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Near Miss of the Day 891: “Inconsistency” of police response to dangerous driving slammed as driver avoids punishment for squeezing between cyclist and oncoming car

“Rather than wait a few milliseconds for a safe pass, they missed hitting me by a few centimetres. But two pretty much identical incidents can have very different responses,” the cyclist said

In January, you may recall, North Yorkshire Police received the Near Miss of the Day treatment after a cyclist accused them of lacking transparency and not taking “enough action” against dangerous drivers who threaten the lives of vulnerable road users. Now, just over a month later, it’s the turn of their colleagues in West Yorkshire to face criticism for what one cyclist – who was recently close passed by “centimetres” by an impatient motorist, right into the path of an oncoming vehicle – believes to be the force’s inconsistency when it comes to dealing with near miss submissions.

As the reader who sent us the footage noted, today’s featured incident is a “fairly typical” one, a classic case of MGIF (Must Get in Front) mentality from a motorist, willing to squeeze between a cyclist and an oncoming driver, instead of waiting a few seconds to pass safely.

But, despite the depressing inevitably of such behaviour on the road, it’s the unpredictability of the police’s response to very similar types of close passes – the driver in this case escaped punishment after West Yorkshire Police reviewed the footage – that baffles our reader the most.

> Near Miss of the Day 775: Two videos highlight inconsistency in close pass enforcement

“This is a fairly typical incident,” the cyclist tells of the nature of the close pass, which took place on the A657 Rodley Lane, in Calverley, near Leeds on the afternoon of 7 February.

“Despite my high vis and two rear lights, the driver of the car decided to squeeze between me and the oncoming car, rather than wait a few milliseconds for a safe pass. They missed hitting me by a few centimetres.”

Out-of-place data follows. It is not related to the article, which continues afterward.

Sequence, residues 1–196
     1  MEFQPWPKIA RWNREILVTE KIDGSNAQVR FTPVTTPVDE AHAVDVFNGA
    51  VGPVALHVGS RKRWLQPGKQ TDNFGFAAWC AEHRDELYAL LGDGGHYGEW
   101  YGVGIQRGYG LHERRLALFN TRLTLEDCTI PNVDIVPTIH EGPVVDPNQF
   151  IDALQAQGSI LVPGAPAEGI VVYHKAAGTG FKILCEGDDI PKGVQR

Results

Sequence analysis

Near Miss of the Day 891

The cyclist continued: “The upsetting thing here is that I’ve submitted this to West Yorkshire Police, who have decided not to follow up with the driver. As they aren’t replying to my messages, I can only presume that this is because it isn’t considered a dangerous pass.

“The thing that gets me is the inconsistency of submissions to the police. Two pretty much identical incidents can have very different responses, and this appears to be due to whatever officer is viewing the footage.

“The police, as is standard, will never admit they are wrong. I’m absolutely convinced that if a different officer had viewed my footage, there would be a different result.”

> Near Miss of the Day 889: Police refuse to act on cyclist’s submission and claim they require the “bike to be visible in the footage” to determine a close pass

Nevertheless, the cyclist insists that they will continue to submit instances of dangerous and careless driving to the police, despite the force’s perceived procedural inconsistency.

“I’ll continue to submit my footage,” he says. “I think around 85 per cent of my submissions are followed by a Notice of Intended Prosecution, so the police can do their job sometimes. Most submissions are close passes, with the occasional driver doing something ludicrous like driving on the wrong side of the road.”

> Near Miss of the Day 885: Cyclist accuses police of lack of transparency after “life-threatening” close pass by taxi driver towards oncoming car

This latest criticism of the police response in Yorkshire to close passes follows accusations of a lack of transparency aimed at officers in the north of the country, after both the force and the local council failed to provide details of the specific action taken against a taxi driver who committed a “life-threatening” close pass on a cyclist towards an oncoming vehicle. reader James was cycling in the Yorkshire Dales on the B6160 leading into Kettlewell from Kilnsey, on 9 October last year, when he was left “fearing for my life” as a North Yorkshire Council-licensed taxi driver chose to overtake him on the narrow road as an oncoming motorist approached, leaving James “just inches of space” and forcing the oncoming driver to brake sharply to avoid a collision.

Following the close pass, James submitted footage of the incident to both North Yorkshire Police, via the force’s Operation Snap portal, and the council’s licensing department.